Whimsy Meets Function in This Pantry Redo
It’s a brand-new year — and a great time to reinvent your pantry. By: Lisa Kaplan Gordon on Houselogic.com
Our first pantry transformation comes from Christy Black, a military wife who moves every couple of years. It’s a mixed blessing that forces her to constantly edit her possessions and question each purchase with: Is this something I love, need, and want to unpack?
Frequent moves also guided the way the 11 Magnolia Lane blogger added kitchen storage by making over the pantry in the 1915 colonial revival her family recently called home. The pantry project had to be:
- Reversible, for the next resident
- Functional to accommodate her prized bread machine
- Whimsical to provide little touches that makes each new rental feel like home
This is what Black’s “before” pantry looked like:
It was a two-door, built-in cabinet with adjustable shelves. The tallest items only halfway filled the tallest shelves (waste of space). Mounds of boxes and bags tumbled out when Black opened the doors.
“The pantry was the only storage I had for big boxes and small appliances, and nothing was deep enough or tall enough for them,” Black says. “And I hate things on the counters. I hate clutter.”
Black started her pantry project by empting its contents onto floors and countertops.
Next, Black moved and removed shelves to customize the space to hold that bread machine and her favorite kitchen helper — a snacks rack her kids love and her friends covet. She snagged the rack on eBay, but you can buy one for about $37 online.
To corral half-filled pasta boxes and sloppy bags of beans, Black bought inexpensive glass canisters. She admits decanting everything into jars takes time, but jars look good, save space, and let her easily see what needs reordering. Of course, her glass canisters couldn’t hold a 25-pound of rice. So she stored bulk goods in the cellar, keeping the pantry for everyday items.
She glue-gunned a ½-inch wide, polka dot ribbon to the face of each shelf. If the next residents don’t like polka dots, she reasoned, they can easily remove the glue with a short blast from a hot hairdryer.
Black looked at the inside of the raised panel pantry doors and saw space that could answer her family’s perpetual question: What’s for dinner? She bought chalkboard contact paper ($7 for 18-in. by 6-ft. roll), and cut a panel for each door. On the left she wrote weekly menus; on the right she had a surface for her kids to doodle.
Chalkboard paint, which is easy to clean, would have worked better than paper, Black says. But paint isn’t reversible, which was a requirement for the pantry makeover.
Total cost: $50 (mostly for glass canisters)
Leftovers gobbling up space in your refrigerator? Here are some tips for keeping things organized, efficient, and tasty.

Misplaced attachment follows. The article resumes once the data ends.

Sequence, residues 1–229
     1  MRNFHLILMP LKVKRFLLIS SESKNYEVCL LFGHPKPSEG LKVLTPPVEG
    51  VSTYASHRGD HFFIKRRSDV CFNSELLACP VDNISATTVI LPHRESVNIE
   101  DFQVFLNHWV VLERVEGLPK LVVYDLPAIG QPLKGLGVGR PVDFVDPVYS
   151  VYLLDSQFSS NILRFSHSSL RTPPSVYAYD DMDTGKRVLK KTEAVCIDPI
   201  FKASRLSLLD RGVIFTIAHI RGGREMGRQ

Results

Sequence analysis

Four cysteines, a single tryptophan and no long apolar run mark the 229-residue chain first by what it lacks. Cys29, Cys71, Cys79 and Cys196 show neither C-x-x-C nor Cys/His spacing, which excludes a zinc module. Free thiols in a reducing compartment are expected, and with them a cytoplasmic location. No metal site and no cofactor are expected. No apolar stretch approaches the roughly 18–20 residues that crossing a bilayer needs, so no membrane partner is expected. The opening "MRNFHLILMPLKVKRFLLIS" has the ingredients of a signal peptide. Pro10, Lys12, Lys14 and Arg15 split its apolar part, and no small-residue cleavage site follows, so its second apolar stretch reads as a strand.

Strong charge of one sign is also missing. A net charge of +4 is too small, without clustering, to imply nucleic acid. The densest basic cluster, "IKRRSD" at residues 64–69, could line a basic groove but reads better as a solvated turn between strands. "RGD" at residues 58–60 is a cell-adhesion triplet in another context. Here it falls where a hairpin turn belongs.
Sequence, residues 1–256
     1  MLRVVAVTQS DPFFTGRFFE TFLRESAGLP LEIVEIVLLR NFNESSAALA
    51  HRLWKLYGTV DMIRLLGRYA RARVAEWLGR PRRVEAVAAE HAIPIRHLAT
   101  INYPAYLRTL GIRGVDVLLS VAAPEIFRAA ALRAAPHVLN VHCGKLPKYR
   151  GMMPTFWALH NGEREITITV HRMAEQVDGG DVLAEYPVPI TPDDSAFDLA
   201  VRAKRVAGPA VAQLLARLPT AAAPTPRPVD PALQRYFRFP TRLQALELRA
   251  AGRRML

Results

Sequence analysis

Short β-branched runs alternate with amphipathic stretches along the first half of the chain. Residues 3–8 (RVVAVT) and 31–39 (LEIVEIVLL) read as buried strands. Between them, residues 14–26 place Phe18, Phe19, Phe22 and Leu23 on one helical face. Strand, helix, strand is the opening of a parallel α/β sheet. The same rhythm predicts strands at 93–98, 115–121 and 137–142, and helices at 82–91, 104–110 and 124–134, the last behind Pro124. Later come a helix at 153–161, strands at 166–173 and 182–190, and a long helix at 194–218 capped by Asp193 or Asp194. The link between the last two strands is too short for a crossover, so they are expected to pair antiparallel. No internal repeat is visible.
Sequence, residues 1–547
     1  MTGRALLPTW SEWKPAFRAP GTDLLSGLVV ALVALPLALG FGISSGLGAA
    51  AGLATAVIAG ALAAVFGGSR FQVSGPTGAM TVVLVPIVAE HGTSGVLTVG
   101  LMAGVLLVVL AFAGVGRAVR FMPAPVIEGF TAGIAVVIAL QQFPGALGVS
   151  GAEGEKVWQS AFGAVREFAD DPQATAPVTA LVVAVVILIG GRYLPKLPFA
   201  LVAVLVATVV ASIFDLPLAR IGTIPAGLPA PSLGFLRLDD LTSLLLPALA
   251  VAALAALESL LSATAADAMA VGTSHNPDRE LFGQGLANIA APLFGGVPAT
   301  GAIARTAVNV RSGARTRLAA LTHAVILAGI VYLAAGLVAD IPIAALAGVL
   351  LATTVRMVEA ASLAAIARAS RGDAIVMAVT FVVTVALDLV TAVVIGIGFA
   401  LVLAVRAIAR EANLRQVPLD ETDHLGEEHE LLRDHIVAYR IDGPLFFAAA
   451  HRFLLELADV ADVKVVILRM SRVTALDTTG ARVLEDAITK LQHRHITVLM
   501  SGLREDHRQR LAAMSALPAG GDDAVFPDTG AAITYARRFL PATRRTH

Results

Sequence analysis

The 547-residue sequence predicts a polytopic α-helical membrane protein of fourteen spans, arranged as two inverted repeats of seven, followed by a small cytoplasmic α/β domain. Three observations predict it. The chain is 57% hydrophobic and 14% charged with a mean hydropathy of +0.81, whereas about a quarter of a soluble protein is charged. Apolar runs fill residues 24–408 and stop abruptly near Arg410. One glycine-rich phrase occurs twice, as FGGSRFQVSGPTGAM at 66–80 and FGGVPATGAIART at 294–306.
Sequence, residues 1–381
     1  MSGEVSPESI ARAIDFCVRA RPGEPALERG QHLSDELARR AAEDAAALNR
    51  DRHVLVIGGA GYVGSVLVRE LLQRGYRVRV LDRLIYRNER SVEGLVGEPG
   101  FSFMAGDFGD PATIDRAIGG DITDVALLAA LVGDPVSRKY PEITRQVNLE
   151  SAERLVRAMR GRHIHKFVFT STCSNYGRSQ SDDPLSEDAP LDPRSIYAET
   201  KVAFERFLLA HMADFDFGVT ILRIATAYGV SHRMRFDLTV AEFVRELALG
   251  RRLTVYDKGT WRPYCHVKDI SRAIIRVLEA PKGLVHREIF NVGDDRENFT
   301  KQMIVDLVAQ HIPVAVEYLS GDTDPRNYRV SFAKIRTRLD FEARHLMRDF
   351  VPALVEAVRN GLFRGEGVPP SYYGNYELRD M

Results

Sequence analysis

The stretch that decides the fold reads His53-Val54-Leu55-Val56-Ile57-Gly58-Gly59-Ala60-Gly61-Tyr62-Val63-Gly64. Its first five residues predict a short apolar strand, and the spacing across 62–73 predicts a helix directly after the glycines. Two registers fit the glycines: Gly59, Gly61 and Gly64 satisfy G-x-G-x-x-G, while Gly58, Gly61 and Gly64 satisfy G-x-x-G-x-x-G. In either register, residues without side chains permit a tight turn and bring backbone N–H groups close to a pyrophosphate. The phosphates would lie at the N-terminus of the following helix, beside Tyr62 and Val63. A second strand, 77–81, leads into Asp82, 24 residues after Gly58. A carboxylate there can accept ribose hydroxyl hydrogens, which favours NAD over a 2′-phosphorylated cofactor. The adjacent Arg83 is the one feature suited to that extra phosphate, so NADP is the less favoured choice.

Dreaming of a clean refrigerator, but not sure how to organize? We’ve got some cool ideas.
Front and center
Give prime fridge space to priority items, says professional organizer Kathi Burns, founder of Add Space to Your Life.
“If you want leftovers to be eaten, keep them front and center on the middle rack, at eye level,” says Burns. “That goes for healthy snacks, too. If you have leftovers, don’t cram them in the back.”
For large food items, slice and store in several containers, says professional organizer Abbey Claire Keusch. If your refrigerator has adjustable shelves, you can move them around for specific items. Have a plan for the food you keep.
Not everything needs chillingDid you know that ketchup, vinegar, jam, and even mayonnaise and butter don’t need to be refrigerated? If you’re tight on fridge space, these items and more can go in the pantry instead.
And if you have backyard chickens, the eggs you get from them don’t need to be refrigerated, although store-bought eggs do (American regulations require eggs to be power-washed before selling, which strips eggshells of their protective coating, so store-bought eggs have to be refrigerated to stay fresh).
The only items that really need to go in the fridge are meats, dairy products, and certain vegetables (unless you’re going to eat them right away).
Items that should never go in the refrigerator include:
- Tomatoes (they’ll get mushy faster if they’re cold).
- Onions (they’ll soften, plus all your other food will smell like onions).
- Honey (it’ll get too thick).
- Potatoes (cold temperatures turn starches into sugars, giving your taters a sweet flavor when you cook them, and not in a good way).
Go against the flowToday’s refrigerators are designed to be organized a certain way — condiments in the door, vegetables in the crisper, gallon of milk on the center rack. But it doesn’t have to be that way, Burns says.
“For busy families, I recommend a ‘lunch bin’ that you can pull out,” she says. “Keep the mayo, mustard, pickles, meat, and cheese in there, so you can just pull it out and make a sandwich. It’s easy for kids. You can create a bin for healthy snacks, too, or a breakfast bin with bagels and cream cheese.”
Pulling out one bin instead of many individual items is faster, too, so your refrigerator door doesn’t stay open as long. For smaller refrigerators that don’t have drawers, long, rectangular bins can be used for easy organizing.
“Same goes for the freezer — just use a Tupperware bin for frozen veggies, so you can pull out all the bags of veggies in one fell swoop,” Burns says. “It works really well.”
Hip to be square
Refrigerators are more efficient when they’re fuller, but that doesn’t mean you should cram as much stuff in there as possible. Square or rectangular containers are the way to go for leftovers — they’re easily stackable and fit into corners neatly.
“Stay away from round containers,” says Burns. “That’s just wasted space.”